After three years, my circumstances changed. Hang gliding was developing, and I was incontrovertibly going to do it - somehow. February 1978 found me at Mike Adam’s IBIS school of hang gliding in Wales, the Brecon Beacons – in the snow. We trained on Hiway Harriers. None too impressed with the IBIS organisation I transferred to Gerry Breen’s Welsh Hang Gliding School at Crickhowell and trained on Hiway Scorpions (no, not yet the renowned Super Scorpion). The weather was such a lottery. Two more trips to Wales were needed to get my EPC. You can read the details in my log book.
Equipped with an EPC, all I needed now was a kite. By this time the Norfolk Hang Gliding Club existed, and through it I made contact with Alan Snowling, agreed to meet him on Cromer Cliff top, inspected his Scorpion B, parted with some money (£310 I think!) and became the eager but apprehensive owner of a kite. I guess it was an unflyable day, and I’d had to take Snowy’s word for it that the kite flew all right.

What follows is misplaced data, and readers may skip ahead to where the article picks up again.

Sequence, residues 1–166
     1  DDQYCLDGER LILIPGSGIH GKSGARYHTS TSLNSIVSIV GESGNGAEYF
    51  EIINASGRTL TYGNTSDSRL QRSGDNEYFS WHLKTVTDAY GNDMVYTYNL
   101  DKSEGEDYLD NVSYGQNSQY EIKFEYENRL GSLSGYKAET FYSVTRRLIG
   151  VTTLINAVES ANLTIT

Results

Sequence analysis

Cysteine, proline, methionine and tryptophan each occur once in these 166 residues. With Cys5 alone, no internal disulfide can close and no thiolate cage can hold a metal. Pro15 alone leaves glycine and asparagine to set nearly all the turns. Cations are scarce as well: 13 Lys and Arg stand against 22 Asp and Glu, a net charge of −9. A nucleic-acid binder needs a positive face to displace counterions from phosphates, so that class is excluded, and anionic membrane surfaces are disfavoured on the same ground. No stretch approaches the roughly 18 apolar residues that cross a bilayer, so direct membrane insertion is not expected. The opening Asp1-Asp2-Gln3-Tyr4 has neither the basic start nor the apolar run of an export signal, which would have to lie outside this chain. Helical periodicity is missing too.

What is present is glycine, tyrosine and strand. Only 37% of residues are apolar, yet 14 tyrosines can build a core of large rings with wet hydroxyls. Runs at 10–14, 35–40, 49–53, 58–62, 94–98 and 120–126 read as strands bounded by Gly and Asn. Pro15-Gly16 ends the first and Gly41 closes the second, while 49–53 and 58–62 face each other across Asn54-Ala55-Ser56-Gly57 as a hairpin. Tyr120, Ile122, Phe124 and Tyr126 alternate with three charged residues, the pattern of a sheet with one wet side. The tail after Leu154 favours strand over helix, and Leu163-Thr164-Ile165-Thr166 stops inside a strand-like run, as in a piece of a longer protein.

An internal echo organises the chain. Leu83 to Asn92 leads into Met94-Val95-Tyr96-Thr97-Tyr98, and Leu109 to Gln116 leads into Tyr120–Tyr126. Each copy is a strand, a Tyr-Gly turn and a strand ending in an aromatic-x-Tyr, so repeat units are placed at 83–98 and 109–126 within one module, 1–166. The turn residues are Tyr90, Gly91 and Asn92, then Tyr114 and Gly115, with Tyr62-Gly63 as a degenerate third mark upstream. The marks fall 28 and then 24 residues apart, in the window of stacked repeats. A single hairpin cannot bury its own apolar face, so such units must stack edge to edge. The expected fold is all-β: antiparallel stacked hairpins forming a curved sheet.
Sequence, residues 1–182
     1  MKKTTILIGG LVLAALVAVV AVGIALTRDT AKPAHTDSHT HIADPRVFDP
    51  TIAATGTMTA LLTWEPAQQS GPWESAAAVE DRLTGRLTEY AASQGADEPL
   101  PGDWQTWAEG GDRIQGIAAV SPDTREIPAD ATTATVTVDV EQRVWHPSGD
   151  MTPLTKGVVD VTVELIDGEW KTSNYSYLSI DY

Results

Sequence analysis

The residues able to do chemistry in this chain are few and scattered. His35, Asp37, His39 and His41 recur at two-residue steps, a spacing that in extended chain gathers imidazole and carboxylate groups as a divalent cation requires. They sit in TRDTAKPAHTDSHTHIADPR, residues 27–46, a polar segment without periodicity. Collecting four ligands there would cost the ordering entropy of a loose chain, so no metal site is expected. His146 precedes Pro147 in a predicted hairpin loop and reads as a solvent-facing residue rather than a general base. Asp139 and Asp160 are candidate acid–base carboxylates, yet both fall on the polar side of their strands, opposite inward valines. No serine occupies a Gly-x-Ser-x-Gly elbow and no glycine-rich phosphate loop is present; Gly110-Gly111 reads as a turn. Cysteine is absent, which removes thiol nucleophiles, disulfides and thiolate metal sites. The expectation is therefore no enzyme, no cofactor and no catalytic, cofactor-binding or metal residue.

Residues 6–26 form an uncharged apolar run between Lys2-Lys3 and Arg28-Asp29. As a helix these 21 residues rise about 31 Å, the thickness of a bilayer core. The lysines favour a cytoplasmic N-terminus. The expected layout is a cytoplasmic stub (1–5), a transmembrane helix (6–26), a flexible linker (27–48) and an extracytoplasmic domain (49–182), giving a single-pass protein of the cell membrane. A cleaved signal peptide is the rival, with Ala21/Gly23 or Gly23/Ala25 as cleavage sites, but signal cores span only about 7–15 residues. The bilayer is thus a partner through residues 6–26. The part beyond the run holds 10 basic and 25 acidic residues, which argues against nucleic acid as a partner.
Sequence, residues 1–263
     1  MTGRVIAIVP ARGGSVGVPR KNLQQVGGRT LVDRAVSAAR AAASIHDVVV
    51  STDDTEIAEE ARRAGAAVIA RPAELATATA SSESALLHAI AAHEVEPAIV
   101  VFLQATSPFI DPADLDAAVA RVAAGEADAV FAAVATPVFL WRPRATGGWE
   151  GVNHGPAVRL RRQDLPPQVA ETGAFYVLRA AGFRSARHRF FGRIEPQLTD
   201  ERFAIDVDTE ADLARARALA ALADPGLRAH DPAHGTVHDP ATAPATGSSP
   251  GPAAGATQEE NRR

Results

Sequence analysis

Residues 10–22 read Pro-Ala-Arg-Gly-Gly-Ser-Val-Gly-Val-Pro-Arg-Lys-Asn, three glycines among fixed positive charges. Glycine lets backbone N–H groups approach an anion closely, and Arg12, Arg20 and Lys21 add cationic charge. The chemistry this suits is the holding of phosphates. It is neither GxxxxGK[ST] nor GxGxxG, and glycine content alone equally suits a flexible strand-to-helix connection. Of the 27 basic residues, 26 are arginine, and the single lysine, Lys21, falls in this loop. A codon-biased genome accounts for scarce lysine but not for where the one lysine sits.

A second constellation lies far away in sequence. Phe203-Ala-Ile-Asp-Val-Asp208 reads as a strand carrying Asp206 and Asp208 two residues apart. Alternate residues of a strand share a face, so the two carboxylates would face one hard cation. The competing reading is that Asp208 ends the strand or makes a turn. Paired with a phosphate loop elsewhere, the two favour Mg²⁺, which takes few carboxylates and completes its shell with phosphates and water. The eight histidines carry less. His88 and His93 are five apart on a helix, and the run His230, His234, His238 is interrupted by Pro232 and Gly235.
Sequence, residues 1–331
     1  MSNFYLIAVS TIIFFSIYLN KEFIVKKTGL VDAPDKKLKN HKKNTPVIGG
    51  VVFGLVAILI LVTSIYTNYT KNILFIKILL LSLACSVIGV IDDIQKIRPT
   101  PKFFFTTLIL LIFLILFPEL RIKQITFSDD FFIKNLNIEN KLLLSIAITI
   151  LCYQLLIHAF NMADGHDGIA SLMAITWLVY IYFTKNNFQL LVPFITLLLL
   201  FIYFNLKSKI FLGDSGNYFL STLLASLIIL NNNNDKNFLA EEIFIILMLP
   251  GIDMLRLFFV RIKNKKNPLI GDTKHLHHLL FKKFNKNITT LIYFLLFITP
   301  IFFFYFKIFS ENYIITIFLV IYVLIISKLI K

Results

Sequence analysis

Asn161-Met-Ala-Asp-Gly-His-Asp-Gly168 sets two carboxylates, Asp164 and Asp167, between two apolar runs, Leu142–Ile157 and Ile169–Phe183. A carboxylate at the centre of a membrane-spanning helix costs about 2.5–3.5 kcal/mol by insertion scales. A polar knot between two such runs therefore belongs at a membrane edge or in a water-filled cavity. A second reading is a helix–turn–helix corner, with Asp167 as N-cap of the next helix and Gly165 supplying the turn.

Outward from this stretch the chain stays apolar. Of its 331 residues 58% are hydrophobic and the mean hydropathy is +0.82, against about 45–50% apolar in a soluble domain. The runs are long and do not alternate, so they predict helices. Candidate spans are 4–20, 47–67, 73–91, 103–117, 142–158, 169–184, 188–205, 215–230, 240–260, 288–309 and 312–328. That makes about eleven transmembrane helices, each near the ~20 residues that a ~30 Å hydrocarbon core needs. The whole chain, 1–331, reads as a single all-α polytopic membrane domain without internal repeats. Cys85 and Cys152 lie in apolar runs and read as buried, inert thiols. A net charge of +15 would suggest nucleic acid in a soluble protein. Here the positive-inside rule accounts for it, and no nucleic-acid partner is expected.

Amazingly, the next weekend, I was back in Wales. This time with James Moffat, both of us raw novices, and no longer under the protection of school instructors. We thought Hay Bluff was “on”. It’s a vast mountain slope (by East Anglian standards). The wind at the top was blowing a huley - far too strong for our fairly primitive kites (James had a Hiway 240, I think) and of course we were flying seated harnesses in those days. Half way down the mountain side the wind was only half as strong, so we took off from there … ! Yes, we were novices, and we’d come an awful long way, and we were desperate to fly. I remember having trouble getting down to the bottom landing. James made much greater height, but then couldn’t penetrate into the even stronger wind and disappeared tracking backwards round the side of the mountain. Miraculously he survived, but may have bent some aluminium.